Sebastian Gorka has presence

Nearly a year ago on 2 March, 2016 the Institute of World Politics hosted a talk from Dr Sebastian Gorka.

I have watched Dr Gorka a couple of times making mincemeat of aggressive opponents on TV programmes, but that’s dialogue and very different from the one-way traffic of a speech. I was interested to see how good he was in monologue.

Also he is now Deputy Assistant to President Trump, and with the world (as distinct from antipathetic mainstream media) holding its collective breath to see how the new POTUS will shape up, it seems worth while to have a look at those advising him.

He begins by laying out his stall, with particular attention to ethos, and while he is doing it the cameraman experiments with trying to see if he can encompass both the speaker and the screen in a single locked-off shot. We quickly learn that he can’t, so we will hear Gorka refer to slides that we cannot see.

I greet this with mixed feelings. This has happened before with this blog. Sometimes I satisfied myself that nothing was lost, and this raised obviously pertinent questions concerning the need for those slides in the first place. In the event this talk comes close to that same conclusion so, out of curiosity, I went looking for other of his talks to learn more about his use of slides. I found this talk delivered to the Westminster Institute on 23 August 2013. The biggest danger with slides is that they compete with the speaker for the audience’s attention, usually through being too numerous or containing too much information. With that single (and old) sample I found that he used few slides, though they were rather overfilled with verbiage. Nevertheless there is a particular reason that I am confident that his slides will never compete with him.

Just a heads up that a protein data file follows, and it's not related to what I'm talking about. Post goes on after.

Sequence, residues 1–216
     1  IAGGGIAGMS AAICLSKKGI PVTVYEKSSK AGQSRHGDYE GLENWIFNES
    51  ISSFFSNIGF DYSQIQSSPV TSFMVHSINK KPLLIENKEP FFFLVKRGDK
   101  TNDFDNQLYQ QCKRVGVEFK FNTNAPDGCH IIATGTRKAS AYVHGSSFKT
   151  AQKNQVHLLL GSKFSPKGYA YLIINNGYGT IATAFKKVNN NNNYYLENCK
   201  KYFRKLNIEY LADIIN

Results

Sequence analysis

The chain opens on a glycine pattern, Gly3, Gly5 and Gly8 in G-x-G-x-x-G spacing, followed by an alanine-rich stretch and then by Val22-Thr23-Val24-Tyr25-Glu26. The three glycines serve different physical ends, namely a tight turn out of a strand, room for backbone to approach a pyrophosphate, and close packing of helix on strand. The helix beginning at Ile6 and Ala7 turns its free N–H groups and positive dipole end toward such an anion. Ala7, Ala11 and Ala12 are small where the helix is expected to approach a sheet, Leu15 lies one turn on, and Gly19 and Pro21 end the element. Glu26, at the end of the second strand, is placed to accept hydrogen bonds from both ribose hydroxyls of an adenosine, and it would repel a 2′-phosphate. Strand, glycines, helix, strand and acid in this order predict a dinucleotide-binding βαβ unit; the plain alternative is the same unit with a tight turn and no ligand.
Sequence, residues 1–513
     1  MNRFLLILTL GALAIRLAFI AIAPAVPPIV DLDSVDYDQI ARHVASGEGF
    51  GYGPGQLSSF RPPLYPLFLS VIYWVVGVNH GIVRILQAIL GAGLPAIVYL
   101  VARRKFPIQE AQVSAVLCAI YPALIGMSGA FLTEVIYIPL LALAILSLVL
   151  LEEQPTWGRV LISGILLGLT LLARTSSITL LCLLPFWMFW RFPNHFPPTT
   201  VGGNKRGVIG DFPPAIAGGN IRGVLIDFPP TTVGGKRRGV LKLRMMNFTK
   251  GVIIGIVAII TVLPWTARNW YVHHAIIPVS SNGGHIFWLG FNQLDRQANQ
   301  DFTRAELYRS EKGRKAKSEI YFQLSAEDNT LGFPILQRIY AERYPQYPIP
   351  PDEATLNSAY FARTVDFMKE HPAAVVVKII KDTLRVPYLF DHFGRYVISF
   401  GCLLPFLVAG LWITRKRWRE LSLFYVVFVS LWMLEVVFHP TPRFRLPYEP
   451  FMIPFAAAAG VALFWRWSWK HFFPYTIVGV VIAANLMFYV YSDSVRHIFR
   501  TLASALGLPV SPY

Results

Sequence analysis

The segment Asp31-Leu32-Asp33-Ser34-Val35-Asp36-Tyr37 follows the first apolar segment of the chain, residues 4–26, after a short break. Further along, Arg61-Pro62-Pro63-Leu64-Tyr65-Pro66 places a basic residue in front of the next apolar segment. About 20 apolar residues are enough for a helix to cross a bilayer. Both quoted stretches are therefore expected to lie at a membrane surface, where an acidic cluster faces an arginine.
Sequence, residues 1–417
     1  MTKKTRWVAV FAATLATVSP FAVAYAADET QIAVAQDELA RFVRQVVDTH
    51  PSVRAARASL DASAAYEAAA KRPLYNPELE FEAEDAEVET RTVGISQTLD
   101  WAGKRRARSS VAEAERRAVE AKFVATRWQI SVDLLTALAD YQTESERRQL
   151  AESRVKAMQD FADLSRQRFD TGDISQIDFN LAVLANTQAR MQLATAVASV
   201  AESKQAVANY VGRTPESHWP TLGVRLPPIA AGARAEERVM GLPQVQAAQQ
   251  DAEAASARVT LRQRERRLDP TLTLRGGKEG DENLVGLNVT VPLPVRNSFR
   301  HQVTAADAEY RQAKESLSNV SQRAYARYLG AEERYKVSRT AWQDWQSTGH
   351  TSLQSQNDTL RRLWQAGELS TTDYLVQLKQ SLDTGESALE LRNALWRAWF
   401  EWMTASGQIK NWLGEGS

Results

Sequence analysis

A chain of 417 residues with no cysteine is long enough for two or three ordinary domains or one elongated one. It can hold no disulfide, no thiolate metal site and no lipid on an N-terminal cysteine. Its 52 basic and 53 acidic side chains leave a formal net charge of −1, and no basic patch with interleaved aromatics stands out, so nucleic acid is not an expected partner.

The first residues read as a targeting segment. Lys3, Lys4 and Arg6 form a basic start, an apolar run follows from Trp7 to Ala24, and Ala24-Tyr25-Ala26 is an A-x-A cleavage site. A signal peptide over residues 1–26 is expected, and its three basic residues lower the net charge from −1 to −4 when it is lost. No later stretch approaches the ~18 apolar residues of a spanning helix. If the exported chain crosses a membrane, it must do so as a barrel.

Dr Gorka has presence.

It is an almost indefinable quality, but unmissable when you meet it. It is a quality that can barely be taught, though it can be nurtured, because it has to come completely from within. It cannot be synthesised, cannot be faked. It is built on a measure of inner confidence in your command of the subject; and that command comes firstly through a huge amount of work and secondly through experience – testing and arguing your opinions to destruction. We in the audience cannot help but believe that Gorka really knows what he is talking about.

That is what makes him so formidable in TV interviews, and what gives him that huge presence. His powerful voice also helps. Note that I said powerful, not loud. There is an important difference.

His self-confidence is not hubris: I picked up a few fleeting glimpses of insecurity, but then everyone has insecurity. So they should: it keeps them sharp.

I earnestly commend both the speech and the brief Q&A. They are both depressing and encouraging. The scenario is depressing, the prognosis reveals pinpoints of daylight. Chief amongst the latter is that he is at the POTUS elbow.

President Trump – find the Face…

You may have happened to notice that on 20 January in Washington DC Donald J Trump was inaugurated President of the United States of America. As is customary he delivered an inaugural address.